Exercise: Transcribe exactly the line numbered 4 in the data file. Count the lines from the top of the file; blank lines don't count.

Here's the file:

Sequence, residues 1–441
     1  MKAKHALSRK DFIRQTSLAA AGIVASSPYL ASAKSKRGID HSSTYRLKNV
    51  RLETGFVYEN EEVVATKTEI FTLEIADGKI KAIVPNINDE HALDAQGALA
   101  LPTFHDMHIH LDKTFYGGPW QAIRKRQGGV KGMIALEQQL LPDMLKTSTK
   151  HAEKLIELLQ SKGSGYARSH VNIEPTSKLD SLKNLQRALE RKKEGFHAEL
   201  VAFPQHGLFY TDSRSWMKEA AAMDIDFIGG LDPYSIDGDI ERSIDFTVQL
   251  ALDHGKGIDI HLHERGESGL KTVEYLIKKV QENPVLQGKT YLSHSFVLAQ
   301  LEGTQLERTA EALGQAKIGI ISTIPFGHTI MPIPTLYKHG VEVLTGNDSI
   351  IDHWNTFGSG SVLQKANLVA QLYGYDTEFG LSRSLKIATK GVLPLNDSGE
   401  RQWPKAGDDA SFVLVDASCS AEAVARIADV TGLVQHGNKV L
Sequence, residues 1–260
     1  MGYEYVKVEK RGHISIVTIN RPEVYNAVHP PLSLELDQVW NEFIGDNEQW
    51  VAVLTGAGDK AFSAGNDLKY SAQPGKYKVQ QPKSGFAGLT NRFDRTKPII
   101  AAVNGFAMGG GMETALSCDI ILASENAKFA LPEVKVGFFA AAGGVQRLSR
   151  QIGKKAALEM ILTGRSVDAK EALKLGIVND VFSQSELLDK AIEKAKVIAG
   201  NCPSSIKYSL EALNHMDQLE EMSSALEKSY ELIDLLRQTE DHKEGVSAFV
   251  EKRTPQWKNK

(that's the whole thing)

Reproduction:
   101  LPTFHDMHIH LDKTFYGGPW QAIRKRQGGV KGMIALEQQL LPDMLKTSTK